Once the applause subsided, Anthony Davis planned to talk to an attentive audience about a new business partnership. Then, someone yelled something that captures what the Lakers and their fan base have wanted all season.

“We need that ring!” the fan yelled. “We need that championship!”

Davis raised his right hand and smiled in acknowledgment. That exchange captured the delicate tightrope act Davis hopes to master that some professional athletes have struggled with in the entertainment capital of the world – how to balance endorsements without compromising their play.

Davis and First Entertainment credit Union hosted a screening at The Theater at Ace hotel in downtown Los Angeles last week to unveil a commercial he filmed with them titled “All Dreams Apply Here.” When the Lakers acquired Davis last summer from New Orleans, however, he stressed he dreamed more about collecting NBA championship hardware than signing business deals.

“I think I’ve done a great job. You don’t want to do too much where you can’t focus on basketball,” Davis said. “But you don’t want to focus on it where it’s just all about basketball. The reality of this business is you have opportunities to do certain things that others don’t because of the game. I always want to make sure I appreciate that and take advantage of it while I can.”

The Lakers will judge Davis mostly on whether he can help deliver their 17th NBA championship and first in 10 years. Davis has offered promising early returns, complementing LeBron James and becoming a favorite to win the NBA’s Defensive Player of the Year award. Less than a year into his first Lakers season, though, Davis also has expanded his business portfolio.

Last summer, Davis and James filmed separate scenes in “Space Jam 2,” the Looney-Tunes sequel that first starred Michael Jordan more than two decades ago. Davis partnered with Ruffles to launch his own flavored potato chip (Lime and Jalapeño) and unveiled the “Ruffles Ridge Tops” shoes. For the NBA celebrity game during All-Star weekend in Chicago, his hometown, Davis and Ruffles unveiled a court-side lounge and featured a “four-point Ridge” line with each made shot resulting in a $4,000 donation to the Special Olympics.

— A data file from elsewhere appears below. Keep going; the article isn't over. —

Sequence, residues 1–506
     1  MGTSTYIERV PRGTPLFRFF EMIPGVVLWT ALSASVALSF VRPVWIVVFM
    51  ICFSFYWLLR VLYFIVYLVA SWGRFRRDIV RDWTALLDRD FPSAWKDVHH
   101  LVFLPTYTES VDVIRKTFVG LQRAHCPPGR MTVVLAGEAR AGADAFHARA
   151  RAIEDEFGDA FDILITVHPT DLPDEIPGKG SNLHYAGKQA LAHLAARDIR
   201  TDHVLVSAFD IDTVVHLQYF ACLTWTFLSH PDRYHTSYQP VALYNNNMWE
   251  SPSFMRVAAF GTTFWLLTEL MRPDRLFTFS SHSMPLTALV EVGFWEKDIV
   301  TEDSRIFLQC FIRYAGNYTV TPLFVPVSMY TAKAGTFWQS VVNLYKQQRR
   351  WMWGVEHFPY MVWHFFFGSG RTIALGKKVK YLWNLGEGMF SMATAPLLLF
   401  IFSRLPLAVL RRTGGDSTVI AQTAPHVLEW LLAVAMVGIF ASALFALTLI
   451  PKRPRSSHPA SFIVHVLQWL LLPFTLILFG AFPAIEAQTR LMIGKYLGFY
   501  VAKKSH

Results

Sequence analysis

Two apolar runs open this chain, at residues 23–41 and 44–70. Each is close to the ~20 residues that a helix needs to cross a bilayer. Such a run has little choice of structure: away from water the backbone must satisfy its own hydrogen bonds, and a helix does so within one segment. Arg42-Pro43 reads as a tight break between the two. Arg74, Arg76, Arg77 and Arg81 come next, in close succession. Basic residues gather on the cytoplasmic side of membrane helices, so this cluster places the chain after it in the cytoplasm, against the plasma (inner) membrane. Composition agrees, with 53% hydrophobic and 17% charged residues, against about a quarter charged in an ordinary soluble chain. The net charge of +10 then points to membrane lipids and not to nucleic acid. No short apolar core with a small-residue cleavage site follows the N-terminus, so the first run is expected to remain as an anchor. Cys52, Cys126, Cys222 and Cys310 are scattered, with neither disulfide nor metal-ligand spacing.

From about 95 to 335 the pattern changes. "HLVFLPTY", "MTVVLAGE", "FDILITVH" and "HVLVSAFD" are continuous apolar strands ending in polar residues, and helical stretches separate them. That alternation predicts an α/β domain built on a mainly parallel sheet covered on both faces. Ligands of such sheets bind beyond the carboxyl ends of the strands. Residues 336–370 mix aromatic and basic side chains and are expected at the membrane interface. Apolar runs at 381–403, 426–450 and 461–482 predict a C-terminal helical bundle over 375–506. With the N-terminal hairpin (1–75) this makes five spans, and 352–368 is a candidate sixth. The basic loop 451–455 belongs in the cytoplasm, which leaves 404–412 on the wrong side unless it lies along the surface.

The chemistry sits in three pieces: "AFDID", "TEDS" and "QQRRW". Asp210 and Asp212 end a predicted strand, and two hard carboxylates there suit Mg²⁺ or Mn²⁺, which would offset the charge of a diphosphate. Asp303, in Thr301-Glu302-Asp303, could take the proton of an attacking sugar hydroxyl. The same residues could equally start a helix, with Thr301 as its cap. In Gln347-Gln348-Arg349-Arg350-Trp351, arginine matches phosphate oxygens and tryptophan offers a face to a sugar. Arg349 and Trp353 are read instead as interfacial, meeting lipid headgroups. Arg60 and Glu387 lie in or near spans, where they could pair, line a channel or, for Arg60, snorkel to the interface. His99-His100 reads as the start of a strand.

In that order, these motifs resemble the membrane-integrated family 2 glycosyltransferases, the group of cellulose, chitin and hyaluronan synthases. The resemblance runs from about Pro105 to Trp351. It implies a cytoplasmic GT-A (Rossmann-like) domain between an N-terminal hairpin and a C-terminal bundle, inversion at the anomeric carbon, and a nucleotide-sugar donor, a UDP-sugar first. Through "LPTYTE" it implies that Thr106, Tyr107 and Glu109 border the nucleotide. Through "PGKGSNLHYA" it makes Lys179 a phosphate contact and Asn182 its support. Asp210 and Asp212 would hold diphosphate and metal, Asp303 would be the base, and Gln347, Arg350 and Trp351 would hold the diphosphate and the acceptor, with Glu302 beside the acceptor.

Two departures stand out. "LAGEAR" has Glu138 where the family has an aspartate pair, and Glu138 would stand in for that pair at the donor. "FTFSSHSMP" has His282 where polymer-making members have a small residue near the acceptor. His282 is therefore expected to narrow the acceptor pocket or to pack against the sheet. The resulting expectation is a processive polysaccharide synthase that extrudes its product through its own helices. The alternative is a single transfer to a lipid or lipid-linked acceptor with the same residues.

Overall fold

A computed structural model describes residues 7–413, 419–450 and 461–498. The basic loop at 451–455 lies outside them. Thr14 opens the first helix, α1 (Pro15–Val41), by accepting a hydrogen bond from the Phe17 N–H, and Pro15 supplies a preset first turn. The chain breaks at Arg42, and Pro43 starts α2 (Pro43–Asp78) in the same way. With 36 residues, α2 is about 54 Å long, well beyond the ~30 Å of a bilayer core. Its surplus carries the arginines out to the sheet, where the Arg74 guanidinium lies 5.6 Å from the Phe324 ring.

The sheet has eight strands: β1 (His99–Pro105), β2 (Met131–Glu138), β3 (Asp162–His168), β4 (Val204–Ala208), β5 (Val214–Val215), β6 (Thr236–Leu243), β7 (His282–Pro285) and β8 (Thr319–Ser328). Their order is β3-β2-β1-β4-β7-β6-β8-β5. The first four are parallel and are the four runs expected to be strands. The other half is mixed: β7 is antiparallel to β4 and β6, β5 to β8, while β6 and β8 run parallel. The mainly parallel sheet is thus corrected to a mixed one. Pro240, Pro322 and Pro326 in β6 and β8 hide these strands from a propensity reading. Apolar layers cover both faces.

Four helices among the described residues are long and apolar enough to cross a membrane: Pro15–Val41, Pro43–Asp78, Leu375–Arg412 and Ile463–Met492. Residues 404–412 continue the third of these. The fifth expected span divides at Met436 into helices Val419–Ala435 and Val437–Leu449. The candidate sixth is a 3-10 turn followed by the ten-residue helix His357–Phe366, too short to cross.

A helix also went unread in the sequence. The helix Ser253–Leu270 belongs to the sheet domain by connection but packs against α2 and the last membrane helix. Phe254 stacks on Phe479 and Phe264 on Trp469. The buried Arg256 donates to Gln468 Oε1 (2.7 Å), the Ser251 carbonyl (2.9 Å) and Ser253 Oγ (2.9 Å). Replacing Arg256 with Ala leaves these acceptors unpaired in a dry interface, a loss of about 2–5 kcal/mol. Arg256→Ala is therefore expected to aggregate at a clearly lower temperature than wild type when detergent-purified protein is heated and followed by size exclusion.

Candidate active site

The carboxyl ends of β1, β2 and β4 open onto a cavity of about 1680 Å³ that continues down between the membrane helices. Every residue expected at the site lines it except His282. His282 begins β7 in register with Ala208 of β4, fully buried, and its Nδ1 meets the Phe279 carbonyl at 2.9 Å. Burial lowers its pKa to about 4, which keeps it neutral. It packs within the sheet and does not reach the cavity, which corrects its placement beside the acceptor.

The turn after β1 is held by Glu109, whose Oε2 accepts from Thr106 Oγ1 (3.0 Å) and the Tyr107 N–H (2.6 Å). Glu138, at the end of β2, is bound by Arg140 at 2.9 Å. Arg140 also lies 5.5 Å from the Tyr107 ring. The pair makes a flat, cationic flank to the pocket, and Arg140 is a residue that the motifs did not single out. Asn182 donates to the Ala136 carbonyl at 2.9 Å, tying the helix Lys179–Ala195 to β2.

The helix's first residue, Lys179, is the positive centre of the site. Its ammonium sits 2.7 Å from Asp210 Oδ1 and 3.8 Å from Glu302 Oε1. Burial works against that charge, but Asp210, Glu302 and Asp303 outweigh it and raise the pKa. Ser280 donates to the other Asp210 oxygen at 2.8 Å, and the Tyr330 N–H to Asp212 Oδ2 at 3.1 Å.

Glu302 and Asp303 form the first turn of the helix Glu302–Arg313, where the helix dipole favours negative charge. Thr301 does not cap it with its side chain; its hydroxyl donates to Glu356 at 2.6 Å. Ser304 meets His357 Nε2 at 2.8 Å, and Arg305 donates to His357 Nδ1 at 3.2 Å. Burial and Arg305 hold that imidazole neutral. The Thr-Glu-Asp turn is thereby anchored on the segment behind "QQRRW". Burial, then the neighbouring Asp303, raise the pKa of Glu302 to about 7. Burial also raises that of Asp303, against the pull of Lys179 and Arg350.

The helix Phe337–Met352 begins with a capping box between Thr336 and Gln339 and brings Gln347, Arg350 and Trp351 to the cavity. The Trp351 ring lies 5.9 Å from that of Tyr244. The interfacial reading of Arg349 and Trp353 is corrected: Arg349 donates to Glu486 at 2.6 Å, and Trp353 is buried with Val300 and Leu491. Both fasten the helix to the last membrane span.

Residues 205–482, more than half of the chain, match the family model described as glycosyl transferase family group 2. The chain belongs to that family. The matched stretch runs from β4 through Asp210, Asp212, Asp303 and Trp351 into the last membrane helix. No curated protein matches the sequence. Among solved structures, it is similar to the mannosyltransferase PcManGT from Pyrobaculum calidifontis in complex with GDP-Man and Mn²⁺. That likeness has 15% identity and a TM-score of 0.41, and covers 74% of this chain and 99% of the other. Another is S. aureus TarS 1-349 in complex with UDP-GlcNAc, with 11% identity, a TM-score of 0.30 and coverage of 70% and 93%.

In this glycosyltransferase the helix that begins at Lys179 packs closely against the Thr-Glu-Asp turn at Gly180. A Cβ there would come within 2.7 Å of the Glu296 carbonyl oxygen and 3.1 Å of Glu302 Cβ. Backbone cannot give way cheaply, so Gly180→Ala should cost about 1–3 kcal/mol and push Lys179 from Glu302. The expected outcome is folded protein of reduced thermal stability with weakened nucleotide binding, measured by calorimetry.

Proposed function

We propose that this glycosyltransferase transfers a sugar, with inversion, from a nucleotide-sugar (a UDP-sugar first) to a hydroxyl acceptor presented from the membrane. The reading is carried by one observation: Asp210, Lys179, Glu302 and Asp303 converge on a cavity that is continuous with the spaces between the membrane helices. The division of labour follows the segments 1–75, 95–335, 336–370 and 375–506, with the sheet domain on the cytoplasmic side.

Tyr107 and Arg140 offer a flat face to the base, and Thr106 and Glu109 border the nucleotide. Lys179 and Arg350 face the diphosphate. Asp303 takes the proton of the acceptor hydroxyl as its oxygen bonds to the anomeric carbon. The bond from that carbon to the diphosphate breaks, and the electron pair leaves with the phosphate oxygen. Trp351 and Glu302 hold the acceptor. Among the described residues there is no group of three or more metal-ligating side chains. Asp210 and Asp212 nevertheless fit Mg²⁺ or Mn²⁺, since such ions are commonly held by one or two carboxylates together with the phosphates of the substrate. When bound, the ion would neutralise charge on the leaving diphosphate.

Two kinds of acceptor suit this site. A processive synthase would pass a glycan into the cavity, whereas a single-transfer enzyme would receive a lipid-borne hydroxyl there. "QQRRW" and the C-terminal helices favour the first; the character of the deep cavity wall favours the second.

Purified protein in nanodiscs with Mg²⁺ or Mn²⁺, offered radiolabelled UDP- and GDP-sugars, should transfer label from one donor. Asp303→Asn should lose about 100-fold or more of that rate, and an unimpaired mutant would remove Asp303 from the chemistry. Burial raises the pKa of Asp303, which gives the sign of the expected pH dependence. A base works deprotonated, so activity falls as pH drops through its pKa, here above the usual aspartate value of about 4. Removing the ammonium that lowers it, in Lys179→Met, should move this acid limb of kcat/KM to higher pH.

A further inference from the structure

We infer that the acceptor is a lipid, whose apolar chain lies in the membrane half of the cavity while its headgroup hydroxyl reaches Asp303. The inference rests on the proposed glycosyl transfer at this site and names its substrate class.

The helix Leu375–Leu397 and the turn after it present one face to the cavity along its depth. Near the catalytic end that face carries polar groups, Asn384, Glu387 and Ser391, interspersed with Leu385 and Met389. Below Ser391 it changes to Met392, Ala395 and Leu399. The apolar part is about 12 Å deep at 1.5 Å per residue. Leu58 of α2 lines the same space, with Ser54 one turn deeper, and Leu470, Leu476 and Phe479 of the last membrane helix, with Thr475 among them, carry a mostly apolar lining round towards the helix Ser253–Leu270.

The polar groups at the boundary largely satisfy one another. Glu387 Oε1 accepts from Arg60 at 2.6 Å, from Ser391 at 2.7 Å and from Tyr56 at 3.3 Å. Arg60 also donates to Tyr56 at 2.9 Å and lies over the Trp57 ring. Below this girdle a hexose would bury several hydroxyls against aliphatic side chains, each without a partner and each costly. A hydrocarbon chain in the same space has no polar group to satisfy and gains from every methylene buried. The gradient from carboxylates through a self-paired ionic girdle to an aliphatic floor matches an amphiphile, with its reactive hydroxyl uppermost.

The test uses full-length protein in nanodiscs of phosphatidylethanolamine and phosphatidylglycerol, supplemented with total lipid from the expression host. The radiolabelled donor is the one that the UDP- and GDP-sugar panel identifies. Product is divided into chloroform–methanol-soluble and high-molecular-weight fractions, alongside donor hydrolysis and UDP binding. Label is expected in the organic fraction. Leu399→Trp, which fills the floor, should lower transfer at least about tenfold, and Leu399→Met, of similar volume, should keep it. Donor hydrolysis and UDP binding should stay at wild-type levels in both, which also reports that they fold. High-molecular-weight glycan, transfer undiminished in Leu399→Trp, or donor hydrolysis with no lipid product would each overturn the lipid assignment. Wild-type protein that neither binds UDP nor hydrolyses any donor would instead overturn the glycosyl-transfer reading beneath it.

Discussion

Davis, who also held Nike-sponsored clinics during All-Star weekend, said he is currently in talks to have his own signature shoe. Davis has filmed commercials with Exxon and Foot Locker. The terms of Davis’ numerous endorsements were not disclosed.

Beyond the commercial he completed with First Entertainment credit Union that began airing Friday, Davis plans to help with the company’s financial literacy program later this year. First Entertainment credit Union also partnered with the Lakers and invited numerous guests for its event with Davis, including current Lakers (coach Frank Vogel, executive Kurt Rambis, JaVale McGee, Alex Caruso, Avery Bradley, Jared Dudley, Kentavious Caldwell-Pope, Quinn Cook), Lakers luminaries (James Worthy, Derek Fisher, Robert Horry), company employees and stakeholders.

As for what is next? Davis said he remains unsure other than expressing hope to partner with various tech companies. Davis has mostly focused on his on-court work.

“That is probably a good thing,” said David Carter, a sports marketing consultant and executive director of the University of Southern California Marshall School of business.

“You don’t want him sending a message overtly that he’s trying to split his time and persona to grow his brand off the court. Winning is going to be part of his personal brand. It’s understood coming to this market that winning enables you to unlock that value long term. You have to be careful on how you thread that needle.”